Fact Sheets - Forest and Eastern Tent Caterpillars
Pest Management Fact Sheet #5022
Forest and Eastern Tent Caterpillars
(Malacosoma disstria) & (Malacosoma americanum)
James F. Dill, Pest Management Specialist
Clay A. Kirby, Insect Diagnostician
Description & Biology
The forest tent and eastern tent caterpillars are similar in habits and appearance. Fully grown forest tent caterpillars (larvae) have keyhole-like, or shoe print-shaped, whitish spots on each body segment. This fine line of spots runs down the middle of the back for the entire length of the body. On each side there is a blue line, which gives them a bluish appearance. Their favorite hosts are oak, poplar, maple and birch. The caterpillars do not build nests but leave mats of silken threads on trees where they travel or rest.
The eastern tent caterpillar differs in that it has a solid whitish line down the center of the back and an orangish stripe on the sides. They feed on apple, crabapple and cherry trees and build distinctive nests in forks of trees.
The tent caterpillars lay their overwintering eggs (masses with a dark brown shellacked appearance) around small branches about the size of a pencil. Hatching occurs as buds swell and open, the young caterpillars feed on the buds, and the nests become apparent in late May. As the larvae grow they begin to feed on leaves. When the population increases, it is not uncommon for trees and forests to be defoliated. The caterpillars mature in the first part of June, with adult moths appearing during the last part of the month, when egg laying takes place. There is one generation per year.
Forest tent caterpillars have denuded forests in many areas for up to five years in a row. Trees can usually survive such defoliation, but with reduced growth. Disease, other insects, nutrition, moisture and general poor condition may cause tree mortality in defoliated trees. Higher defoliating populations of forest tent caterpillars typically drop after two years due to natural conditions, parasites, predators, and diseases. Freezing weather shortly after eggs hatch kills large numbers of caterpillars, and excessively high temperatures later in the spring kills large numbers of adults and reduces the viability of newly laid eggs.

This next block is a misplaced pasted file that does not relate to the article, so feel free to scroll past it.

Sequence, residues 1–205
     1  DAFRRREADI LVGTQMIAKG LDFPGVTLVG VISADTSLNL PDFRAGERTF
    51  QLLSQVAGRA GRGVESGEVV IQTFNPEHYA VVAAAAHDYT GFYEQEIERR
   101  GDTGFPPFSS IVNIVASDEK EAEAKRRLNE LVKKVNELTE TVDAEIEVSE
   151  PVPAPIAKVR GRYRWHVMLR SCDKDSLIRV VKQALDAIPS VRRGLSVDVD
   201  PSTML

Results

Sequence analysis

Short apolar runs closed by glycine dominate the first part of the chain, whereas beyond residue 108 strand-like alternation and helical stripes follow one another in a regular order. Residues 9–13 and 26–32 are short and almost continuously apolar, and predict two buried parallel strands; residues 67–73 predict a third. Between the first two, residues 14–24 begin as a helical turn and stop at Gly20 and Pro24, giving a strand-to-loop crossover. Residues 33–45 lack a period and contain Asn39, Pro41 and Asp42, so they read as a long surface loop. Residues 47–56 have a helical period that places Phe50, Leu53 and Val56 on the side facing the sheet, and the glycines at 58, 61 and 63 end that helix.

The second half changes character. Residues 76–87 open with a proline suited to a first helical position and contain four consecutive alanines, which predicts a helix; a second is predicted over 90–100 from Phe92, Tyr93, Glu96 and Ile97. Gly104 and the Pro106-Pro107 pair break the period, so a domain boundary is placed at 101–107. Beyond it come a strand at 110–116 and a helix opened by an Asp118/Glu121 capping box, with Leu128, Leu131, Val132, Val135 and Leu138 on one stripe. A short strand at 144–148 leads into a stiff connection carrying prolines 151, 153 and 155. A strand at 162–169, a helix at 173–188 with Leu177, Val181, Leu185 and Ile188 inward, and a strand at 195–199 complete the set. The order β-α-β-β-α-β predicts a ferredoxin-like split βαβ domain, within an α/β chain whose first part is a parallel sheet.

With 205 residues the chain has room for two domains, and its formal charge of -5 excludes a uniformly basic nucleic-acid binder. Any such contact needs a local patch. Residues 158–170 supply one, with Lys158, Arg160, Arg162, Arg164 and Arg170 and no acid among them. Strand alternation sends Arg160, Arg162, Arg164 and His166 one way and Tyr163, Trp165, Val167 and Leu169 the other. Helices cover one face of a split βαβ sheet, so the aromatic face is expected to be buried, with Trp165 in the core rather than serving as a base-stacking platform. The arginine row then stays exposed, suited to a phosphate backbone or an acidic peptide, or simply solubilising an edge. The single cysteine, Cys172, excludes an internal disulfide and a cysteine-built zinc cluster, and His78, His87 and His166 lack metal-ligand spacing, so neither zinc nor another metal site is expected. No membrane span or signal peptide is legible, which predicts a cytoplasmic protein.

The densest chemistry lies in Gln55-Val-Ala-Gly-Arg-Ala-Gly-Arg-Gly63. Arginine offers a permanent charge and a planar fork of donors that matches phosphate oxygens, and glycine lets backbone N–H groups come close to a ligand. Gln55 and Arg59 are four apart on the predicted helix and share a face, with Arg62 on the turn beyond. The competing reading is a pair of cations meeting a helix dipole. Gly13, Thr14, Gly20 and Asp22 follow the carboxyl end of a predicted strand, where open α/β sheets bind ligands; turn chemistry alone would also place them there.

Management for the eastern tent caterpillar and forest tent caterpillar is similar, except nests of eastern tent caterpillars can be removed and destroyed. Egg masses on branches of small trees around the home can be removed and destroyed before hatching.
Organic methods include using B.t. (Bacillus thuringiensis), spinosad, insecticidal soap (be careful of leaf burning) or neem against small larvae. Other insecticides include carbaryl (Sevin) and malathion.
When Using Pesticides
ALWAYS FOLLOW LABEL DIRECTIONS!
Pest Management Office
491 College Avenue, Orono, ME 04473-1295
1-800-287-0279 (in Maine)
Information in this publication is provided purely for educational purposes. No responsibility is assumed for any problems associated with the use of products or services mentioned. No endorsement of products or companies is intended, nor is criticism of unnamed products or companies implied.
Published and distributed in furtherance of Acts of Congress of May 8 and June 30, 1914, by the University of Maine Cooperative Extension, the Land Grant University of the state of Maine and the U.S. Department of Agriculture cooperating. Cooperative Extension and other agencies of the U.S.D.A. provide equal opportunities in programs and employment.
Call 800-287-0274 or TDD 800-287-8957 (in Maine), or 207-581-3188, for information on publications and program offerings from University of Maine Cooperative Extension, or visit extension.umaine.edu.